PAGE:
In terms of the later spread of Indo-European, too, we can't assume any racial connection. It's not unusual for peoples to adopt the language of either the dominant or the "cool" culture, and this often means communities speaking a language aren't racially connected with the those who spoke the language's distant ancestor. If we didn't accept this, we'd have a hard time trying to explain how an English-speaking African American could have derived from the language's source in north-western Europe.
The subsequent evolution of the languages is likewise anything but straightforward. Linguists use the family tree model, (eg Latin is the "parent" of French, Spanish, Italian etc) and this is useful, and a gorgeously artistic interpretation of which by Minna Sundberg is shown right. But the influence of other, often unrelated languages is important too. This can be down to extensive borrowing of vocabulary for social or political reasons, such as how English, fundamentally a Western Germanic language, has a vocabulary heavily derived from Latin.4 It can also be explained, though, by the wave theory of language change.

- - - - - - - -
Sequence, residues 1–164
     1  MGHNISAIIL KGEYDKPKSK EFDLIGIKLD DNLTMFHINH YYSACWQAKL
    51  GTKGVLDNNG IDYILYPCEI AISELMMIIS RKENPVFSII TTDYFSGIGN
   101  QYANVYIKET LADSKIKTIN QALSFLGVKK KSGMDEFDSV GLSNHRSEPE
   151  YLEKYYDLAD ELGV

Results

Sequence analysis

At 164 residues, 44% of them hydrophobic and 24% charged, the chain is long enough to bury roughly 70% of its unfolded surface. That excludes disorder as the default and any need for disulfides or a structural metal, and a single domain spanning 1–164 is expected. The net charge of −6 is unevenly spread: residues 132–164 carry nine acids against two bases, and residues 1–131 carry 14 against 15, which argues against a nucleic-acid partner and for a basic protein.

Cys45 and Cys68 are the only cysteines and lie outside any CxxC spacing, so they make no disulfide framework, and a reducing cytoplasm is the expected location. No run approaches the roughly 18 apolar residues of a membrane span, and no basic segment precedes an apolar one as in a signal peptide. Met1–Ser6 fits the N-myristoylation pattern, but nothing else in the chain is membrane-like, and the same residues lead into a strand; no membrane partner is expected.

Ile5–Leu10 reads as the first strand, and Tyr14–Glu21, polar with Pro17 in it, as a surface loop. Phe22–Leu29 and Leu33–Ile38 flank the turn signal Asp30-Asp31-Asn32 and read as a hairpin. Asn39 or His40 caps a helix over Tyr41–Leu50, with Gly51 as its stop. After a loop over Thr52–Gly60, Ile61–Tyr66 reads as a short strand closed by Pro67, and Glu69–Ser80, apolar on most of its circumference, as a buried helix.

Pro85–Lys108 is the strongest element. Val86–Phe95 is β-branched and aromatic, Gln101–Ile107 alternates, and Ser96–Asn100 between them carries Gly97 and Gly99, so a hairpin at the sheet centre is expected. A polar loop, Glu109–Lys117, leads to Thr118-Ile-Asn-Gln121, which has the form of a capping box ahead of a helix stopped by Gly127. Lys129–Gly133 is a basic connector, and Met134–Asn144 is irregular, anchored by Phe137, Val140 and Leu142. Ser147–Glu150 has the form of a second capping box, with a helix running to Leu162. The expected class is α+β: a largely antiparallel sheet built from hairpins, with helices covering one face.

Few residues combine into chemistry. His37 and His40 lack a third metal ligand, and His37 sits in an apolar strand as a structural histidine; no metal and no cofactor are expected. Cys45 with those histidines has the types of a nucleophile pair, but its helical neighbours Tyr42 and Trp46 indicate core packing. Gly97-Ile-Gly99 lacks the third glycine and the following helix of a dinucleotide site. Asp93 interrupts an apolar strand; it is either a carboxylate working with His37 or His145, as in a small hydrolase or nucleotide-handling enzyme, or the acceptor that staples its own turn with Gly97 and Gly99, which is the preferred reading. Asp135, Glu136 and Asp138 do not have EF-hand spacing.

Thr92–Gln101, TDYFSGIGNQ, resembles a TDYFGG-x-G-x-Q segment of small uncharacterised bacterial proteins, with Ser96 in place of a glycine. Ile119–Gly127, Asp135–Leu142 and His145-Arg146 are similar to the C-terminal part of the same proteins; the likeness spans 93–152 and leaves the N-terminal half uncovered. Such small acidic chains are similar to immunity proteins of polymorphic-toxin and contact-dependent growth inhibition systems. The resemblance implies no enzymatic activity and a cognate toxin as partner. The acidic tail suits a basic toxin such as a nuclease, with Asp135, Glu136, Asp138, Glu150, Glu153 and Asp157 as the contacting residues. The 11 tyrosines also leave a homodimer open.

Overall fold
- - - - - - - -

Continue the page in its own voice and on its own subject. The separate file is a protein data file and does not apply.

The wave theory is a model which suggests that specific changes, whether a sound-change such as a final t changing to s or a grammatical change such as the development of grammatical gender, spreads from an epicentre and affects both related and unrelated languages. The next major change will have a different epicentre, and/or the speakers will have moved, so it won't be the same set of languages affected.
Ultimately, this will create a patchwork, in which it can be difficult to reconcile a language's position on its family tree with apparent similarities to more distantly related (or unrelated) ones. It's inconvenient, but we're talking about human behaviour. What do you expect?
So where did the original Indo-European language come from? If it was being spoken a mere five or six thousand years ago, it obviously can't have sprung from nowhere. The reason it's recognised as the "original" is that it marks the latest point that all Indo-European languages can be traced back to, but its history must have gone back a long way up an unknown family tree.
Various propositions have been made as to what Indo-European might ultimately be related to, the most widespread being a super-family known as Nostratic. At its most ambitious, this hypothesis includes Uralic, Altaic, Kartvelian, Afroasiatic, Elamo-Dravidian and Eskimo-Aleut, along with a few others, though some more cautious proponents restrict it to the first three plus Indo-European.5